The Winnipeg Jets have six pending unrestricted free agents (UFAs) to decide on this offseason. None are particularly high-profile, but retaining a few of them could be in the team’s best interest.
Related: Jets 2023 Restricted Free Agent Overview
Here, we’ll take a brief look at each and if there’s a potential future for them in Winnipeg.
Veteran forward Sam Gagner signed a one-year deal with the Jets in September, and for the first half of the season, was a reliable contributor. By mid-January, the 33-year-old had eight goals and six assists for 14 points and at times jumped up to the top six when the Jets were ravaged with injuries. On Dec. 29, he was honoured for playing in his 1000th-career NHL game.
Gagner’s role ebbed in the second half. From mid-January on, he bounced in and out of the lineup, and spent the first two weeks of February as a healthy scratch. When inserted for five games through the end of that month — during a stretch the Jets were struggling mightily — he didn’t produce any further points.
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In mid-March, it was announced Gagner would miss the rest of the season after having surgery to repair a hip issue, ending his season with 14 points in 48 games, an ATOI of 12:10, and a minus-four rating.
He is unlikely to return to the Jets and will likely seek to continue the twilight of his career elsewhere.
Jonsson-Fjallby was another player whose role dwindled as the season deepened.
The Swedish left-winger, claimed off waivers from the Washington Capitals just before the season began, impressed in the first half with his blazing speed and dogged forechecking. Like Gagner, he at times jumped up to the top six.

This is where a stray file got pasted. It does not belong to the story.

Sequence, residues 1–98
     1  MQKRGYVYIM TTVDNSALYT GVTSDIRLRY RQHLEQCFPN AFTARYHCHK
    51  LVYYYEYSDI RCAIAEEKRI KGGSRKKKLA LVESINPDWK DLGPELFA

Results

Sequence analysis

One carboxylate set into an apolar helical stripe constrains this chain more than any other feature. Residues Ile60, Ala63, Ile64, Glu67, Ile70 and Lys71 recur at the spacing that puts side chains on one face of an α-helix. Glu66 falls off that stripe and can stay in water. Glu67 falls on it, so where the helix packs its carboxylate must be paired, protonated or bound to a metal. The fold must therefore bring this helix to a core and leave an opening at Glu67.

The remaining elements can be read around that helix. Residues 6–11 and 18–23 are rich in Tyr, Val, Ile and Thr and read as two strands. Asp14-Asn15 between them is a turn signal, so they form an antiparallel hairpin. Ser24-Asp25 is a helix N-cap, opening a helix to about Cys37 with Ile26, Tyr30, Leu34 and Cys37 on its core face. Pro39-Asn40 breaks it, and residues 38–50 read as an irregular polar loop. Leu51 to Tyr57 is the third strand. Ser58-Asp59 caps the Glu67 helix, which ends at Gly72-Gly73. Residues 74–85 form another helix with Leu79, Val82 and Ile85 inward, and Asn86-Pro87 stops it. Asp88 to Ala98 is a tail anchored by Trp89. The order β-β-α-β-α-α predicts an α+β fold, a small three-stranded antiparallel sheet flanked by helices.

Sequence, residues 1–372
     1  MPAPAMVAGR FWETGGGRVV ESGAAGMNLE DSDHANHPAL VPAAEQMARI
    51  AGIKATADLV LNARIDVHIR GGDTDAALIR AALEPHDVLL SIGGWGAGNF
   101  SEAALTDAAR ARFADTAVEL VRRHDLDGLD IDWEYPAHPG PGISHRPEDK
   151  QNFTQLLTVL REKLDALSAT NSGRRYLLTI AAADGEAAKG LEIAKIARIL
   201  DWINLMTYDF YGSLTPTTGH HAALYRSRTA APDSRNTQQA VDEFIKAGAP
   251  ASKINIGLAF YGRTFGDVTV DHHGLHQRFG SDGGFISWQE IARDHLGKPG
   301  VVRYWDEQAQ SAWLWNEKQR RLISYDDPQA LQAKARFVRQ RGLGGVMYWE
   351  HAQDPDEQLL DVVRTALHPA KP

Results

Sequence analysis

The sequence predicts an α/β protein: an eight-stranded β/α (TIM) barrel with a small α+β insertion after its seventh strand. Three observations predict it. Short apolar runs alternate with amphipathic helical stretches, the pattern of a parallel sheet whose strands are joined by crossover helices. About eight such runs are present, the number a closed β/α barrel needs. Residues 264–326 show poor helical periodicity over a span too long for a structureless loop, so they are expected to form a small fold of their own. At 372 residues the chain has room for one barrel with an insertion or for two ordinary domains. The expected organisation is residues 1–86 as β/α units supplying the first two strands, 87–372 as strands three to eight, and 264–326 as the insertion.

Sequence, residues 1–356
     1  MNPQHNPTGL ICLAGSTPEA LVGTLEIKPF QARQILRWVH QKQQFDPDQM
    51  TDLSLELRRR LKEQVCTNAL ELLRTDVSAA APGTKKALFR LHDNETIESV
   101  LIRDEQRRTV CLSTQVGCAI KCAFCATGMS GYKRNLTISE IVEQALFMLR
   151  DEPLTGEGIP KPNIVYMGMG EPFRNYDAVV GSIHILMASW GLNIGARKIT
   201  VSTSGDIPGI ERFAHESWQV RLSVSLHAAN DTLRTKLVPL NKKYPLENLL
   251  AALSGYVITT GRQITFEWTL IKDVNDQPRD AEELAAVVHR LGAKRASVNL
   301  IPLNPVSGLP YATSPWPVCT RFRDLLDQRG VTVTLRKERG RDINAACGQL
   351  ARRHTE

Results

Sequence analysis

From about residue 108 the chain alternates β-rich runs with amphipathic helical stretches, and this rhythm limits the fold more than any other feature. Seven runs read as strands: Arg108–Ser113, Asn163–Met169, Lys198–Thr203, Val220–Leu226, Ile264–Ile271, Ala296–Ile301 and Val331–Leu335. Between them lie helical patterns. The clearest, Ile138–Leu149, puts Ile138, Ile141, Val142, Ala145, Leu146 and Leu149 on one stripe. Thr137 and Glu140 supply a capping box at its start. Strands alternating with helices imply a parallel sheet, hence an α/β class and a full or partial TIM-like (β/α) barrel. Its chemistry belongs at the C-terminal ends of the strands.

The 25-year-old was a regular through the end of February, but found himself in the press box down the stretch. He played just two games in March, one games in April, and one playoff game, and was also briefly sent down to the Manitoba Moose in that stretch, where he recorded three goals and one assist in four games.
Overall, Jonsson-Fjallby played 50 NHL games, recording six goals and eight assists for 14 points, an ATOI of 10:27, and a minus-1 rating.
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Jonsson-Fjallby played this season on the final year of a two-year deal he signed with the Capitals in 2021 that carried a $750,000 AAV. Despite his reduced role down the stretch, GM Kevin Cheveldayoff should consider re-signing him to a modest deal to maintain the team’s forward depth.
The Jets picked up Kuhlman off waivers from the Seattle Kraken in mid-December to bolster a depleted right side when Mason Appleton, Nikolaj Ehlers, and Saku Maenalanen were all out with injury.
Related: Jets’ Kuhlman Waiver Claim Bolsters Depleted Right Side
For a three-month span, the 27-year-old consistently drew into the lineup, but didn’t provide much in the way of offence in a bottom-six role.
After the Jets got healthier and bolstered their contingent of forwards by adding Nino Niederreiter and Vladislav Namestnikov at the Trade Deadline, Kuhlman was relegated to the press box. He played just two games in March and two games in April.
Overall, Kuhlman played in 33 games, producing two goals and two assists for four points, a minus-seven rating, and logging an ATOI of 12:45. He is unlikely to return next season as the Jets have younger players with more upside in their pipeline.
Saku Maenalanen said prior to the season that “this is my last chance” to play in the NHL. The 28-year-old Finn, returning to North America after three years in the KHL and Liiga, accomplished his goal, impressing in training camp and sticking with the Jets all season.
The right-winger suffered an injury in December that kept him out for more than a month, but he still ended up playing 64 games. While he did not flash the offensive skill to the extent he did in Liiga the season prior, when he had 41 points, he recorded four goals and six assists for 10 points and an ATOI of 10:20.